Fish Are Returning To Chicago River, Waterways, New Study Says

The Chicago River and other waterways have become less polluted thanks to advocacy work from local groups.

CHICAGO — Fish are returning to the Chicago River and the rest of the Chicago Area Waterway System, according to a new study.

The study, from the Shedd Aquarium and the Metropolitan Water Reclamation District of Greater Chicago, showed fish populations and species have gradually increased over the past 30 years, while invasive species have declined, according to a press release.

The waters are less polluted and have become more “conducive to aquatic life and less degraded than they once were,” according to the press release. The study comes after years of advocacy from Chicago residents to improve the health of the city’s famed river.

The Chicago Area Waterway System consists of 78 miles of waterways, according to the release.

The Metropolitan Water Reclamation District began monitoring data on fish in the Chicago waterways in 1974. Researchers found there has been an increase in “species richness and abundance” compared to the 1980s, according to the release.

Nineteen new species have been documented since 2001, with the common carp, largemouth bass and goldfish being among the most common species. Since 1974, the number of fish species increased from 10 to 77, with 60 species counted since 2000.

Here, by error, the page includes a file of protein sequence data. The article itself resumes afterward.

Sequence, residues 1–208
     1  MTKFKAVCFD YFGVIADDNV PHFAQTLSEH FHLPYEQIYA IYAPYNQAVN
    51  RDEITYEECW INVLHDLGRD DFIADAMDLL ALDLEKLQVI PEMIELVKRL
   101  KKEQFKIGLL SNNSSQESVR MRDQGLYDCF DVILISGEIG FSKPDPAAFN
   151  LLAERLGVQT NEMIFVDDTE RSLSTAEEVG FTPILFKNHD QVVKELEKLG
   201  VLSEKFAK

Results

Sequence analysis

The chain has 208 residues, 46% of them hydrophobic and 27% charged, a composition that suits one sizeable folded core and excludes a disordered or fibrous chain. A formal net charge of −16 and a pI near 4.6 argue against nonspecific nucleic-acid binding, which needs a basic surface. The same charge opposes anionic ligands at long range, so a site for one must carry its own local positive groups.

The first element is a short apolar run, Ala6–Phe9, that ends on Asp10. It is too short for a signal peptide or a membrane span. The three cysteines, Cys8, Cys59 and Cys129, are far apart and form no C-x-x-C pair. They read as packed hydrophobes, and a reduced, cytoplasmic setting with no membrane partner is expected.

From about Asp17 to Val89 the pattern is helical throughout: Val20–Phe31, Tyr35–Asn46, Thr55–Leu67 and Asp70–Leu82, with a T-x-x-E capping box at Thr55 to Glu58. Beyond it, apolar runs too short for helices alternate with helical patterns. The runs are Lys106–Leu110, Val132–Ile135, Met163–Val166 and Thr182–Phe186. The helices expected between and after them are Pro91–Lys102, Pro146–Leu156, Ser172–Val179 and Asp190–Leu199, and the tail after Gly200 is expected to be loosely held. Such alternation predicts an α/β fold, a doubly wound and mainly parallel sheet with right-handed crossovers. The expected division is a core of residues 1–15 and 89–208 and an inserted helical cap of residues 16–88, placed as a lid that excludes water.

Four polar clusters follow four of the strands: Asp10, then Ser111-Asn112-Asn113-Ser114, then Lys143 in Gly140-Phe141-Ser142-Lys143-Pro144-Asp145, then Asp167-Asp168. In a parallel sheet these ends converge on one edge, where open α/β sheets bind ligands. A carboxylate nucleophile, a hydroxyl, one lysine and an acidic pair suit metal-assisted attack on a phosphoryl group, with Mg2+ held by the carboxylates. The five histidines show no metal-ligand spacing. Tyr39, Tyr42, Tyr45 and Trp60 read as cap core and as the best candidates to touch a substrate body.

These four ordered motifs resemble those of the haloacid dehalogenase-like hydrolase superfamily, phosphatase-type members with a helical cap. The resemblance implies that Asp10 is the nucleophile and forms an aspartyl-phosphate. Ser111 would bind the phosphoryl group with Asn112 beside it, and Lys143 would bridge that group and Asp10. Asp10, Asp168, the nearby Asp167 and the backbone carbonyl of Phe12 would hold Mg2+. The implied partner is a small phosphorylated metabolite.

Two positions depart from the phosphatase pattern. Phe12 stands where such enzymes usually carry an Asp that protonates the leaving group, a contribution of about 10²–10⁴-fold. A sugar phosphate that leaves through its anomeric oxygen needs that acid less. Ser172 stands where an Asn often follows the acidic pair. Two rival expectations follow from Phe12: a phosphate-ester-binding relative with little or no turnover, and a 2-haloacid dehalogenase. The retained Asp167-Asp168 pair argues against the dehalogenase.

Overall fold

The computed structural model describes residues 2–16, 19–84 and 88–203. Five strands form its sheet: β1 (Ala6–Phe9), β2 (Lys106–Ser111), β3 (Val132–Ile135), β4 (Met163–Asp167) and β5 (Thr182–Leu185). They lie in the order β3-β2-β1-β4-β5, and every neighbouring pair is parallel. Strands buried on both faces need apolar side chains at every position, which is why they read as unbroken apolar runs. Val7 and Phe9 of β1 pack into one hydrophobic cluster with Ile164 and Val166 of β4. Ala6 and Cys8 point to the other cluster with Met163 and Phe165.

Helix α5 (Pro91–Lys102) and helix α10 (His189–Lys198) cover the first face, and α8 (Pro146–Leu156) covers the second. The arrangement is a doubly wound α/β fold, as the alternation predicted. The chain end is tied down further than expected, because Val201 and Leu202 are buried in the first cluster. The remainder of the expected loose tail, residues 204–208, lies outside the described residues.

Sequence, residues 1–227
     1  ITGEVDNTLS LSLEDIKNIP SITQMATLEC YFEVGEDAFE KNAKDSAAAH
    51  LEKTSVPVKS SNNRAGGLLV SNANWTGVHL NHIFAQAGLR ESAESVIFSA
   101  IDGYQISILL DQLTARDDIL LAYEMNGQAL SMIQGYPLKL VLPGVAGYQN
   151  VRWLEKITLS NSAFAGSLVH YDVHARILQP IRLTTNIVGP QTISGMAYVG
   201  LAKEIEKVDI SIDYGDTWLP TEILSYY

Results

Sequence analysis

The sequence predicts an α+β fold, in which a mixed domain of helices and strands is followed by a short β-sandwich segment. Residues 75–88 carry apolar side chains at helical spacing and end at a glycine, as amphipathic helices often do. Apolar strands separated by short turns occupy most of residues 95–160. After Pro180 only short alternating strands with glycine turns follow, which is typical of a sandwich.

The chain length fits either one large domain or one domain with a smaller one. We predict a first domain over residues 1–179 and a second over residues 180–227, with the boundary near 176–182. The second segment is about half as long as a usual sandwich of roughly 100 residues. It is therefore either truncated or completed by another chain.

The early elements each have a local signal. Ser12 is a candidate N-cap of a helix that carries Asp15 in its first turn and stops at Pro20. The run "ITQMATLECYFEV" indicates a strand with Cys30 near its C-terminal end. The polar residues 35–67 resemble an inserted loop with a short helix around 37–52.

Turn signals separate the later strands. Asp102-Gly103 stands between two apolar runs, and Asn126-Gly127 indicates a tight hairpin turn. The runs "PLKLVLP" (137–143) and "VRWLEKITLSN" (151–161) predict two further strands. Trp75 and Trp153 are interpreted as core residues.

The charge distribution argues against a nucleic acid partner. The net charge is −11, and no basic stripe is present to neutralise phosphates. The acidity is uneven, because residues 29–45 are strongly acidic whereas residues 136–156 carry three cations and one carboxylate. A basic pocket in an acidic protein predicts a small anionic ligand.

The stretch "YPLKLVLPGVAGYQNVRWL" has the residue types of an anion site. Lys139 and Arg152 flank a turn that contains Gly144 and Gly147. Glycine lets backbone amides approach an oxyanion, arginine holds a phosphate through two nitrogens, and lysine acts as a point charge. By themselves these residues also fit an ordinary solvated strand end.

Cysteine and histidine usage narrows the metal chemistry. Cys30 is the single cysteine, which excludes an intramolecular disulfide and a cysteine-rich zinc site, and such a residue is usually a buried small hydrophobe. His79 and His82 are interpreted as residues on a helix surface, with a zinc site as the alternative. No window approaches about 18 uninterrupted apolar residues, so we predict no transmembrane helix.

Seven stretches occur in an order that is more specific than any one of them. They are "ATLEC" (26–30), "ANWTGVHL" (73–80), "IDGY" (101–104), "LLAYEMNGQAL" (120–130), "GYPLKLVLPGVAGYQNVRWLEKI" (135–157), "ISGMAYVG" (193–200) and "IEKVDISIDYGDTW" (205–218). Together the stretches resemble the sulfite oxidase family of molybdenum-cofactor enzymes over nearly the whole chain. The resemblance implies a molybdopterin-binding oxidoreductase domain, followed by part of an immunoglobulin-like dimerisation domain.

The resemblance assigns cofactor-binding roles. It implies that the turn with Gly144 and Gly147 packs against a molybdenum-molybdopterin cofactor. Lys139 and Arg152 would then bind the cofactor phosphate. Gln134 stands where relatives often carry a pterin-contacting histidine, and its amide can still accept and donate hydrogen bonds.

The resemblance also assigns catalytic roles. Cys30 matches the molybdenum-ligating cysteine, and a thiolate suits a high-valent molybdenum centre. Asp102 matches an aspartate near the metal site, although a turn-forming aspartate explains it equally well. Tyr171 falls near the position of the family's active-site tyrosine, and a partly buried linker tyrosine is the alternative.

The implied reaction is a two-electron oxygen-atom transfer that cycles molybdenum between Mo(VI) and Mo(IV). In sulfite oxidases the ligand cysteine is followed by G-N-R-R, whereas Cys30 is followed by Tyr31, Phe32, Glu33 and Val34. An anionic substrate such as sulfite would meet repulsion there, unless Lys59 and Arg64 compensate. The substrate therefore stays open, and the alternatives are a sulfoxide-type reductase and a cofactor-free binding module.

The study claims advancements like wastewater management and pollution reduction have helped clean the waterways over the years.

It is important to keep the waterways clean not only because of the natural environment they provide, but also because they connect to Lake Michigan, from which many Chicago residents get drinking water, said Dustin Gallagher, associate aquatic biologist at the Metropolitan Water Reclamation District and the study’s co-author, according to the press release.

Austin Happel, the lead author of the study and a research biologist at the Shedd Aquarium, said in the press release the study shows the work of groups that have worked to reduce pollution of the water.

“Now, we have data that shows us that restoration and advocacy efforts are benefitting the Chicago Area Waterway System and bringing back aquatic species that are essential to healthy ecosystems and thus healthy natural resources,” Happel said.

This article originally appeared on

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